Work. Some people define themselves by their occupation or profession, others see it as a means to an end. Regardless of how we view our work, it’s a simple word that forms a significant part of our life. As Australians we spend a lot of time at our job with most full time employment requiring at least 38 hours per week. Obviously, there are a plethora of tasks required for us to complete within our scope of work that can have a positive or negative impact on our health. For today, we’ll focus on office workers and the corporate sector. There’s no denying this part of our workforce requires a lot effort, it just may not be physically. For many, a day includes sitting down in a car or public transport, getting to a desk and sitting for the next 8 hours, then returning home and sitting on the couch in front of the TV. This is a typical sedentary lifestyle and this amount of sitting is very concerning.
A recent study suggests sitting for at least 8 hours a day can increase the risk of premature death by up to 60%! It seems the modern working life can be killing us. Delving deeper, prolonged sitting is associated with a range of health problems including musculoskeletal disorders (poor posture from slouching and repetitive tasks), diabetes, obesity, poor mental health and high mental fatigue due to low energy expenditure and insufficient muscle activity. Not to mention poor productivity and presenteeism!
So, what can we do? Simply, increase how much you move! When it comes to addressing occupational sitting exposure, your mantra should be ‘reduce and interrupt’. This could mean walking meetings, taking frequent 5-minute breaks to stretch, standing to read a document or whilst on the phone and talking to colleagues rather than emailing. Many workplaces are adopting the sit to stand desk which also helps with blood flow and muscle activation. This combined with an ergonomically sound work station can reduce one’s risk of developing a musculoskeletal condition. More significantly however, the best remedy is to find more exercise. Those who can’t exercise before or after work should try to get out for lunch. Exercise with colleagues is a popular way to get out of the office at lunch and keep motivation high! Furthermore, many corporate buildings have gyms that run lunch time group fitness classes which provide a combination of resistance and aerobic exercises. A well-tailored exercise program can address postural deficiencies whilst significantly increasing energy, leading to a boost in productivity when you return to work.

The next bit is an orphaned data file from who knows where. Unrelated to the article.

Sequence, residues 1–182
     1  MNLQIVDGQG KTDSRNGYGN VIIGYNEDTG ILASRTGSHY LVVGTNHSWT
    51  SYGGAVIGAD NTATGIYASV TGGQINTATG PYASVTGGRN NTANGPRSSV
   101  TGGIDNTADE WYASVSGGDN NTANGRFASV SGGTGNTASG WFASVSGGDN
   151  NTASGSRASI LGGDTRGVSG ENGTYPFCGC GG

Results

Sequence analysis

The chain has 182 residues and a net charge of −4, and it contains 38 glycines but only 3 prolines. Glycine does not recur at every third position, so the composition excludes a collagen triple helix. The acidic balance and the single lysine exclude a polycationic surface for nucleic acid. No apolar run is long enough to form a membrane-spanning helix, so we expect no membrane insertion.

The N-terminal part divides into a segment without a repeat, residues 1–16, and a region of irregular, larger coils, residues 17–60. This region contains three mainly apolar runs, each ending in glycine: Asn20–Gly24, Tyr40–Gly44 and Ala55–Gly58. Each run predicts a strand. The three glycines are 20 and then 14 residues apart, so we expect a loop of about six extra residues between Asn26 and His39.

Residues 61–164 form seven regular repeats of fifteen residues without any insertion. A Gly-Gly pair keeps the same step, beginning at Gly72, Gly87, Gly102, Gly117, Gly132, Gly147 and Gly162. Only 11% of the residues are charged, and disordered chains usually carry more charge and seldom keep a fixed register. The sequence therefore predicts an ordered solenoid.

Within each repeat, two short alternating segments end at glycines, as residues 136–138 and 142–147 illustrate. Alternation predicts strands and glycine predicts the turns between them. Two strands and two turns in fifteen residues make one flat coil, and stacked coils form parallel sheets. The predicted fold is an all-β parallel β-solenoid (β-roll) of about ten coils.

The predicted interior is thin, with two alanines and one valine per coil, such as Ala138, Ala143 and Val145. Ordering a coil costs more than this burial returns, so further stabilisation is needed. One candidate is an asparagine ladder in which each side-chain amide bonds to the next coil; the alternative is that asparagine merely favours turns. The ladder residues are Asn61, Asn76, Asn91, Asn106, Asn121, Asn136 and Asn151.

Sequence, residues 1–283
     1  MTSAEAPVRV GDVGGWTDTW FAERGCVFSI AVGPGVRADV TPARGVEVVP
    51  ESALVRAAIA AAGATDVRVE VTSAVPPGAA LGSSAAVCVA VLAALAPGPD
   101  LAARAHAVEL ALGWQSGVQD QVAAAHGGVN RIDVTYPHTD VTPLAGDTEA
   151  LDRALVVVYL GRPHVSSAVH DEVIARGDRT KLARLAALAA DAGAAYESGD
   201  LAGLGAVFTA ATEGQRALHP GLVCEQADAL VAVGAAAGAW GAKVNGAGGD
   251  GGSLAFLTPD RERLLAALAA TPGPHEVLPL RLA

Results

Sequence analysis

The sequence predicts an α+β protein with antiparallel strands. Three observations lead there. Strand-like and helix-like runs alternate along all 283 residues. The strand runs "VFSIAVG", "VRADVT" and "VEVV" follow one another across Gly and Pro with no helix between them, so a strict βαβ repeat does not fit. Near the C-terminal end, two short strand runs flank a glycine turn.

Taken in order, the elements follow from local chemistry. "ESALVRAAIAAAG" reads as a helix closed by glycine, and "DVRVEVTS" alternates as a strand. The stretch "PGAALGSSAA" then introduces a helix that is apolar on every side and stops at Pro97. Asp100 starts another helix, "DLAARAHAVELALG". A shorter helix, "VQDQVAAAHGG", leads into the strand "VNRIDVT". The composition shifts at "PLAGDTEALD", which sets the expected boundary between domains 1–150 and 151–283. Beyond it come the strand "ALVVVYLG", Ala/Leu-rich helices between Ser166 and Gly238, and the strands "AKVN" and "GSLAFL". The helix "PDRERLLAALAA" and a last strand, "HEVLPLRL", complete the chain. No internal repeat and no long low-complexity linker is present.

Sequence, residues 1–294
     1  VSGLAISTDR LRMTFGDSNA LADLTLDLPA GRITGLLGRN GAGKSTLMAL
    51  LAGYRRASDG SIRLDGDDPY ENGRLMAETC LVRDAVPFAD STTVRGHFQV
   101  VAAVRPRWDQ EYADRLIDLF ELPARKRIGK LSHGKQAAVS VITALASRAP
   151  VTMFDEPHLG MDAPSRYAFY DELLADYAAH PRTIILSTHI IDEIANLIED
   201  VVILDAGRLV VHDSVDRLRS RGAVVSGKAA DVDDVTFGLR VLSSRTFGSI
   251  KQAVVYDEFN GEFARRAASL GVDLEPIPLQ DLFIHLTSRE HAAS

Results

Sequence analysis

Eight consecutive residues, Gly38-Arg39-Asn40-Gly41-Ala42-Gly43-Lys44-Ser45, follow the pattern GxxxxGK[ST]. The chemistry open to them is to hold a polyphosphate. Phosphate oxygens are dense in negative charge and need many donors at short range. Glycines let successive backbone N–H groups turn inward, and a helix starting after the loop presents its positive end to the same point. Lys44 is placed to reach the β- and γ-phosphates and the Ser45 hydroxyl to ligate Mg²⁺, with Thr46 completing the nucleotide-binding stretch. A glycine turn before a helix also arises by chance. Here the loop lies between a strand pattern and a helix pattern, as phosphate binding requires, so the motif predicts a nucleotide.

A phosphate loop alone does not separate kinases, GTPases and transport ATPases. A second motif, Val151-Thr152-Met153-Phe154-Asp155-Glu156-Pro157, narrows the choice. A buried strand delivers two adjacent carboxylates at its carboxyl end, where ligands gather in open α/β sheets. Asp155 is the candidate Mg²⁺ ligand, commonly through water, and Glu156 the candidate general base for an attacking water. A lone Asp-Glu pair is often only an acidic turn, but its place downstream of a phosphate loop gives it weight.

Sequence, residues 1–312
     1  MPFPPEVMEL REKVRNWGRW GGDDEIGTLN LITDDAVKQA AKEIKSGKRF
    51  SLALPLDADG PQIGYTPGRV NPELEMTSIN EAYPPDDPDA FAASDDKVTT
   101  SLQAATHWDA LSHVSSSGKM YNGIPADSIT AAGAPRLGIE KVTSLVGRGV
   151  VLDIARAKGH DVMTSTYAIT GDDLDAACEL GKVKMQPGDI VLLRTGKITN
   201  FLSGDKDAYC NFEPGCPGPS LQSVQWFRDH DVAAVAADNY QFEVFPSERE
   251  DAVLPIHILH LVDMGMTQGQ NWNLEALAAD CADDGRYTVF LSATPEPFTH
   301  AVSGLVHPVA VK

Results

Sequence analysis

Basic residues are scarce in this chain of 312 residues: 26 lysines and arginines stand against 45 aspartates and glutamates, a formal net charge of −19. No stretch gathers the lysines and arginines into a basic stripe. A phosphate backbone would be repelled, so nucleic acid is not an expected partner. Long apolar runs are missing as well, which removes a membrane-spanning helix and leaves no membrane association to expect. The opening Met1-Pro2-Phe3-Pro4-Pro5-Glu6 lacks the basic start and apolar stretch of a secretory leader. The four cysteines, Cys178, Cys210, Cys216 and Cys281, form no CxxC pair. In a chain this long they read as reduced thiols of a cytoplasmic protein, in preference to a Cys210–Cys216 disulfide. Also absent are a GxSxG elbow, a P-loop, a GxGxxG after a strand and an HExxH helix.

At Absolute Balance, we specialise in corporate health running multiple corporate gyms around Perth including Newspaper House, Forrest Centre, Central Park, Sir Charles Gairdner Hospital, Fiona Stanley Hospital and Department of Mines, Industry Regulation and Safety. We’re invested in all things exercise and health. Our Accredited Exercise Physiologist’s can attend your workplace and set up a workstation to comply with ergonomic standards, or simply prescribe an exercise program to aid any postural issues you may have. Our services are wide ranging so come and see us anytime – we may even be running the gym in your building right now.
Ed Daccache, B.Ex.SpSc, Grad.Dip.Ex.Sc (AEP, AES) (ESSAM)
Accredited Exercise Physiologist
Australian Bureau of Statistics (ABS). (2017, October 23). Census reveals insights into Australia’s labour force. Retrieved from http://www.abs.gov.au/ausstats/abs@.nsf/MediaRealesesByCatalogue/7E56B97A3FEF932ACA2581BF00364712?OpenDocument
Department of Health. (2017, November 21). Research and statistics regarding physical activity and sedentary behaviour. Retrieved from http://www.health.gov.au/internet/main/publishing.nsf/content/health-pubhlth-strateg-active-evidence.htm
Safe Work Australia. (2017, October 17). Sitting and Standing. Retrieved from https://www.safeworkaustralia.gov.au/sedentary